Online Bible Commentary
You Can’t Outgive God
Philippians 4:14 Nevertheless you have done well that you shared in my distress. 15 Now you Philippians know also that in the beginning of the gospel, when I departed from Macedonia, no church shared with me concerning giving and receiving but you only. 16 For even in Thessalonica you sent aid once and again for my necessities. 17 Not that I seek the gift, but I seek the fruit that abounds to your account. 18 Indeed I have all and abound. I am full, having received from Epaphroditus the things sent from you, a sweet-smelling aroma, an acceptable sacrifice, well pleasing to God. 19 And my God shall supply all your need according to His riches in glory by Christ Jesus. 20 Now to our God and Father be glory forever and ever. Amen. Greet every saint in Christ Jesus. 21 The brethren who are with me greet you. 22 All the saints greet you, but especially those who are of Caesar's household. 23 The grace of our Lord Jesus Christ be with you all. Amen. (NKJV)
Paul wrote this letter to the Church at Philippi in Macedonia, which is now northern Greece. It is thought that he wrote this during his first Roman imprisonment when he was under house arrest.
The time of the writing is about 62 A.D. Epaphroditus visited him in prison and Paul sent this letter back with him to deliver it to the church.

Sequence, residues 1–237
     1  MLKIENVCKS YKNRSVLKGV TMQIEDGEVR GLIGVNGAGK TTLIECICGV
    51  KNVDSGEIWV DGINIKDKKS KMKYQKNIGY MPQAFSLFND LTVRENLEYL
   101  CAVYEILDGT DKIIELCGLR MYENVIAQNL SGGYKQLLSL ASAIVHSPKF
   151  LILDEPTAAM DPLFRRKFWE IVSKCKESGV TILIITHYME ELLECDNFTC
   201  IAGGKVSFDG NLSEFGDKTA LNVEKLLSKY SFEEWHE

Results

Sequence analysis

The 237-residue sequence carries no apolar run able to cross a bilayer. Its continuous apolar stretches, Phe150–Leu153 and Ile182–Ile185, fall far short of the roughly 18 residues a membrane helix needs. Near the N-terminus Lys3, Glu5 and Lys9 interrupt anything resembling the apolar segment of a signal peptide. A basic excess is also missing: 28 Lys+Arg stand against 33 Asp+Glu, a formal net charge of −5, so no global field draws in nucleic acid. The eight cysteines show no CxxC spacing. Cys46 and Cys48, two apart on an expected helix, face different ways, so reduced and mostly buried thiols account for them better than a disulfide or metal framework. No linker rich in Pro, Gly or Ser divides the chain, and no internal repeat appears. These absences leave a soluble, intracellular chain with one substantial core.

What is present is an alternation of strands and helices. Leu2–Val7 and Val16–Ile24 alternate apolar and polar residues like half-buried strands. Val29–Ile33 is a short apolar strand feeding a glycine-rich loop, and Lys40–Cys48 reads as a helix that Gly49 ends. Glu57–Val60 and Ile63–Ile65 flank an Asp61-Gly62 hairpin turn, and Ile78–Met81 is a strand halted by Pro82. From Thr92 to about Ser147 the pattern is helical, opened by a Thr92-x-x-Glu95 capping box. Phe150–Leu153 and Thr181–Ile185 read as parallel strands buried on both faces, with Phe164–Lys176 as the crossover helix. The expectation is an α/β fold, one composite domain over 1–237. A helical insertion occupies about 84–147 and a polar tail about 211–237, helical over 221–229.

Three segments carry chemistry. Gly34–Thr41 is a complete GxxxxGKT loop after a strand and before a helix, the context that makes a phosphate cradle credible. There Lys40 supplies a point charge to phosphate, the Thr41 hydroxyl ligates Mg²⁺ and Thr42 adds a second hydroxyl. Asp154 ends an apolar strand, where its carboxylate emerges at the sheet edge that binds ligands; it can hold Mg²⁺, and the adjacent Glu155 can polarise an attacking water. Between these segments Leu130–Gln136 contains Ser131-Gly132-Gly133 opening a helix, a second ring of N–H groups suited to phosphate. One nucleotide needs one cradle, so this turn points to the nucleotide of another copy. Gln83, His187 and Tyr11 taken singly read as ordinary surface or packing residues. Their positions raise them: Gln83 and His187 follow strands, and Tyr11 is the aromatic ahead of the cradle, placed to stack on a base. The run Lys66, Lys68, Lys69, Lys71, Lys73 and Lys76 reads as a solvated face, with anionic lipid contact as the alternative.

At the time of Paul’s letter, Philippi was a principal city. Paul established the church on his second missionary journey.
Philippi was abandoned in the fourteenth century after the Ottoman conquest. The current city of Fillipoi is located near the ruins of Philippi.
The church at Philippi was the first known church in all of Europe and it supported Paul financially. In many ways it was a model church.
There are six principles of giving outlined in this passage. First, the believers were not just giving to support their local church. They were also giving to support ministries, such as Paul’s.
Paul begins this passage by writing “In Nevertheless you have done well that you shared in my distress.” (v. 14). Paul begins by commending the believers at Philippi for supporting him financially in his work for the Lord.
Our gifts are to go to the work of the Lord. By giving to Paul, the Philippian believers show us that it is Biblical to use part of your gift to support ministries outside of your local church.
The second principle of giving is that the motive for giving should be pure. There was no such thing as a tax deduction at that time, and it may well be that way again. The Philippian believers gave purely, out of their hearts, for the sole purpose of advancing the gospel.
Paul writes “Now you Philippians know also that in the beginning of the gospel, when I departed from Macedonia, no church shared with me concerning giving and receiving but you only.” (v. 15). Even when he first brought them the gospel, on his second missionary journey, they supported him.